PROVIDENCE, R.I. (WPRI) – Rhode Island taxpayers spent $84 million on overtime last fiscal year, with just two state departments accounting for more than half the cost, according to a Target 12 review of payroll data.

The analysis found the Department of Corrections and the Department of Behavioral Healthcare, Developmental Disabilities and Hospitals – otherwise known as BHDDH – together accounted for 54% of all overtime costs last fiscal year. 

At the same time, other state agencies — including Rhode Island College, the Department of Public Safety and the Department of Children, Youth and Families — have experienced soaring overtime costs in recent years.

State officials say the issue is already on the radar, and internal policies are being created to try and stem the growing costs. 

“Much of the overtime is related to critical 24/7 operations, which require shifts to be covered for health and safety reasons. In addition, our health and human service agencies have a legal and moral responsibility to care for all children, families and other customers who come into contact with our systems,” said Brenna McCabe, spokesperson for the R.I. Department of Administration (where overtime costs increased about 20% to $1.3 million between fiscal years 2014 and 2018).

“Each agency is a little different,” she added. “Depending upon the department, there are a handful of reasons overtime can increase.”

Overtime across state government increased about 5% from fiscal 2013-14 to fiscal 2017-18, and the biggest standout was the DOC. As first reported by Target 12, overtime pay at the department overseeing state prisons has rapidly grown in recent years.

The department operates around the clock, which requires constant staffing. But correctional officers have also increasingly volunteered to work longer shifts – including 32 consecutive hours, also known as “quads” – which allow officers to earn up to double their regular wages, according to Richard Ferruccio, president of the R.I. Brotherhood of Correctional Officers.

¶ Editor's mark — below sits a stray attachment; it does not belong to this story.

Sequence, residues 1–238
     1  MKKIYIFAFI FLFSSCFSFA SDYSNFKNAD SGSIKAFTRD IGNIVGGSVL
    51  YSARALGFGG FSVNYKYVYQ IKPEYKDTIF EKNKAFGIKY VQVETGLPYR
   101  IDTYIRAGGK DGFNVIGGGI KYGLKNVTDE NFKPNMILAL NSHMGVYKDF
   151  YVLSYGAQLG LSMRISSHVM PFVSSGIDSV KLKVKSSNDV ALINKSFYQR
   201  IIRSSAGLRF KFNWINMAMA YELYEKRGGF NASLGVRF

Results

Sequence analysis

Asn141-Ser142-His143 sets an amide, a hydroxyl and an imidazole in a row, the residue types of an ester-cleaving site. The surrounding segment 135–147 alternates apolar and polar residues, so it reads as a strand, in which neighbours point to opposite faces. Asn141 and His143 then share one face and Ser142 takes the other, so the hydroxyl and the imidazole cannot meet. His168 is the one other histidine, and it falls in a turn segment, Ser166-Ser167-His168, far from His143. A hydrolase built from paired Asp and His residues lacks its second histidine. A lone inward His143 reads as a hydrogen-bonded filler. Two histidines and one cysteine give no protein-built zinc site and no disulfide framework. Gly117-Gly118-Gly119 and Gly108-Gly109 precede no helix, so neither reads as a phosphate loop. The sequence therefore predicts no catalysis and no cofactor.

The long shifts, which the union blames on a recent hiring freeze that led to staffing shortages, have contributed to $30.4 million in overtime costs last fiscal year, representing a 48% increase compared to five years earlier. The 2018 costs accounted for more than one-third of all overtime pay across state government, according to payroll records. 

“We are going to have to staff these posts,” Ferruccio said.

The DOC, however, isn’t the only state operation grappling with high overtime costs.

Slater Hospital drives OT costs at BHDDH

BHDDH, which provides services to Rhode Islanders with developmental disabilities, mental illnesses and substance-use disorders, spent nearly $15 million on overtime during fiscal 2018, representing 18% of total overtime across state departments.

Like the DOC, the department has 24/7 operations, and two-thirds of its overtime costs are spent on nurses and other workers at Eleanor Slater Hospital, according to the department. But the department is also challenged by unfilled jobs. 

“Some of the biggest factors that cause overtime, beyond the 24-7 nature of the operations, are the time it takes to fill open positions and workers’ compensation cases,” said BHDDH spokesperson Randal Edgar. 

About a third of overtime costs are a result of employees being out on workers’ compensation, according to the department.